RCM agreed to run articles on the new radio called the “Classic” or “RCM Classic”. Gates and Thompson agreed that Thompson would provide the circuit design and schematics in return for a royalty (yes, “Royal” royalty), and Royal Electronics would do the design layout, cards, prototypes and fabrication and produce kits to be advertised in RCM.

Here is the first article in the series of eleven published by RCM on how to build the Classic (April 68 RCM). Throughout the series the system is referred to as the “RCM Classic”. In the initial article the transmitter and other components have blank faces with no mention of “RCM”, “Royal” or even “Classic”. This article also mentions that “Royal Electronics has agreed to provide all parts for the system that may be difficult to obtain elsewhere”.

Here is the second RCM article on the Classic (May 1968). This issue included a full size drawing of the PC board for scratch builders. However, in this same issue Royal Electronics ran the following ad for the “Classic designed by Ed Thompson”, offering kits ranging from $32.95 to $121.95 for a complete 6 channel kit. These kits were for the transmitter only. Its case had no identifying lettering but it was vinyl finished in Royal purple.

In July, 1968 Royal Electronics ran this ad for the “Royal Classic Receiver kit” designed by Ed Thompson. The ad makes a dramatic size comparison to competitor’ kits.

In August 1968 Royal ran this ad for the “Royal Classic Digital Kit System”. This ad mentioned Ed Thompson and RCM but the transmitter was now clearly marked with the Royal logo. Notice that buyers are given a choice of sticks and an option to buy factory built Classics.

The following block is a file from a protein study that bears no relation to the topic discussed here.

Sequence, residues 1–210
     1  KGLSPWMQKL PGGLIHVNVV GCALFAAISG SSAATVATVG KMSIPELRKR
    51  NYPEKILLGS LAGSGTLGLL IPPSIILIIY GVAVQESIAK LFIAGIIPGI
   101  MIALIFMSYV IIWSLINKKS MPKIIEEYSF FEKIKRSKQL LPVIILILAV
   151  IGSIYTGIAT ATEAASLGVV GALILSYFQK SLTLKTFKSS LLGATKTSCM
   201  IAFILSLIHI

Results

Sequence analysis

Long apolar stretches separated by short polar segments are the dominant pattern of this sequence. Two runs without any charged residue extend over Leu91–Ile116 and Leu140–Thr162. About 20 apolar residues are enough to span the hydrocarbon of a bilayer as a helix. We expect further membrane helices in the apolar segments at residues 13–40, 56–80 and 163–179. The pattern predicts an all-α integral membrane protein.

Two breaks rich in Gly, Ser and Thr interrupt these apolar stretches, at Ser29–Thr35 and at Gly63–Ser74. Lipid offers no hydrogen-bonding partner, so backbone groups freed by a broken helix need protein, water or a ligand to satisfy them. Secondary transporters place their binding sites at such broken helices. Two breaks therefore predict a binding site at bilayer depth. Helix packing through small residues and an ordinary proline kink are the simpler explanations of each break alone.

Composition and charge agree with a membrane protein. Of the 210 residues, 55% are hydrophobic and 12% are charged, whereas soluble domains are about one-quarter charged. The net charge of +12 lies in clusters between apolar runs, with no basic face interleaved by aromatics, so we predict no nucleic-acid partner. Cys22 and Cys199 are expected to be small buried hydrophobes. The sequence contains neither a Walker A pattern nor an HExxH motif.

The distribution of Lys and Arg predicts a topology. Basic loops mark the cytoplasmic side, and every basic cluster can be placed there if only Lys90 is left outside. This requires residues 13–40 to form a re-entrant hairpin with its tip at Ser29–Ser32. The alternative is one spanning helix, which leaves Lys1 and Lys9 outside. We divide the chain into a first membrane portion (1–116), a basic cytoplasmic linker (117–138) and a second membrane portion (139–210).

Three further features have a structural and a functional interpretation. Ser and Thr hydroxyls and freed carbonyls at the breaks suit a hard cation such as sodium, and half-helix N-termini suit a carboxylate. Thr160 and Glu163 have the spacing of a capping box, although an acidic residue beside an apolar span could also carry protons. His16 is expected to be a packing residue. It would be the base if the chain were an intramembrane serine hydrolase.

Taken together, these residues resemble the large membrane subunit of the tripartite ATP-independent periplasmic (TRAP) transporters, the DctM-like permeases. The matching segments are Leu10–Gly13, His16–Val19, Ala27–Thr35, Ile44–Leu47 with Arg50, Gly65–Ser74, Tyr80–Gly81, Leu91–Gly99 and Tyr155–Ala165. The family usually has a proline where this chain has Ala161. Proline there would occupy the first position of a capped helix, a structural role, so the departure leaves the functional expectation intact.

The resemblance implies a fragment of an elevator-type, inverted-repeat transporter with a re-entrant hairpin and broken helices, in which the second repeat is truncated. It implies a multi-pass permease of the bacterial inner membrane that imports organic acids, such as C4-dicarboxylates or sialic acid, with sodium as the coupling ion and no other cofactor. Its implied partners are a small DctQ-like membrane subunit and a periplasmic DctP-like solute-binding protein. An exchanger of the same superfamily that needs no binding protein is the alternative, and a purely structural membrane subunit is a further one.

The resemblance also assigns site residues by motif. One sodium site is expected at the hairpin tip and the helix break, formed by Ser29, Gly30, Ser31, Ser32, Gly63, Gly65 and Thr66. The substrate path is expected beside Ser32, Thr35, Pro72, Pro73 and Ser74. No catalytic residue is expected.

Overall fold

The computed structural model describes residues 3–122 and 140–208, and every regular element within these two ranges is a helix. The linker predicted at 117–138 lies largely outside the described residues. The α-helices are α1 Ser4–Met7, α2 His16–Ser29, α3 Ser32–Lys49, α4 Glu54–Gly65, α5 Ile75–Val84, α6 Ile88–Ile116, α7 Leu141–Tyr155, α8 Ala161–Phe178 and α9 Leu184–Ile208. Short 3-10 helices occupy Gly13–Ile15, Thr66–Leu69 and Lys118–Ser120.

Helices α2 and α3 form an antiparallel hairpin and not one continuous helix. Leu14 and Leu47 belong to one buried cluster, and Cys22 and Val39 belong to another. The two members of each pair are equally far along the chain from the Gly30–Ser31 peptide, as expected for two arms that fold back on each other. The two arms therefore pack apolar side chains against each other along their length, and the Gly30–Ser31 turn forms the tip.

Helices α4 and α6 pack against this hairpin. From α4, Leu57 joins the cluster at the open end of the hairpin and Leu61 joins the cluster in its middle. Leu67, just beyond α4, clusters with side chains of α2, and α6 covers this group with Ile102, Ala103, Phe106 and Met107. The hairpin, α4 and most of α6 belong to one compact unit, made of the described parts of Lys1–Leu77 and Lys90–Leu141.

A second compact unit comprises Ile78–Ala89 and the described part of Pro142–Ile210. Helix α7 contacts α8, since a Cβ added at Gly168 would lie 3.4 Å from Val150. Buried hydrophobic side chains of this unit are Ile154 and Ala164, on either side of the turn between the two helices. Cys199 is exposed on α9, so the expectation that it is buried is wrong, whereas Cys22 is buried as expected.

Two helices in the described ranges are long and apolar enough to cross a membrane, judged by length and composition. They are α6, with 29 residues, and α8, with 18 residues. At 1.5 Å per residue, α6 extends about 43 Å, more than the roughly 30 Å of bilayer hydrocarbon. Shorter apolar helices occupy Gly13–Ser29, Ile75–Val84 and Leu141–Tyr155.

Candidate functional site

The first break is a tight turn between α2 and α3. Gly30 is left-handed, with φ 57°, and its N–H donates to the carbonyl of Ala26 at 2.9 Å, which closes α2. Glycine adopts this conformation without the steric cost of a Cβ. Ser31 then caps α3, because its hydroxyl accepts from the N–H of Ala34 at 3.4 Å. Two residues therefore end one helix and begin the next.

By installment X, in the January 1969 issue of RCM Ed Thompson was clearly irritated by a flood of calls, questions and complaints over the prior months. His remarkable preface to this installment was bursting with personal reactions including it would “asinine” to assume the Classic is “the best system in the world”, and “equally asinine” to assume it is a “tinkerer’s delight” which won’t compare favorably to manufactured systems when properly built. On this latter point he noted there were hundreds of parts and solder joints in the Classic and any one could cause trouble if done wrong or not maintained right. He suggested builders get help from electronics experts in their area, mentioned that Royal Electronics stood ready to checkout and repair any units “built according to instructions” and advised those who still lack confidence in their systems to “unload” them and do everyone a favor.

Royal Electronics ran one more ad for the Classic kit, focusing on the servo (April 1969) and then in May of 1969, a different ad appeared stressing competition victories of the Classic system and dropping any mention of kits. After this, only servo kits were mentioned in ads until this ad appeared in the February, 1970 RCM offering Classic kits at discounted prices.

This ad continued to run until the end of 1970, even after introduction of the new Royal Classic 70 model (also offered either in kit form or factory assembled). The 70 series circuit was designed by Bob Boyce and Chris Pedersen. Both worked nearby at Martin Marietta – Denver designing the Command Destruct systems for US Air Force Titan missiles. Here’s how the Royal Classic ad looked (June 1970 MAN):

And here is the very first Royal Classic 70, the prototype as it appears today in our museum:

Notice how the prototype was finished in a dark, navy blue vinyl. This color material became unavailable and that’s how Royals came to have their familiar sky blue look. Royal Electronics continued to offer the Classic 70 in kit form through the first half of 1971. After July 1971 both Royal Classic 70 and Royal Apollo systems were advertised, but only as factory built units, not kits. Years later Royal would resume selling kits with its “Tech RC” line.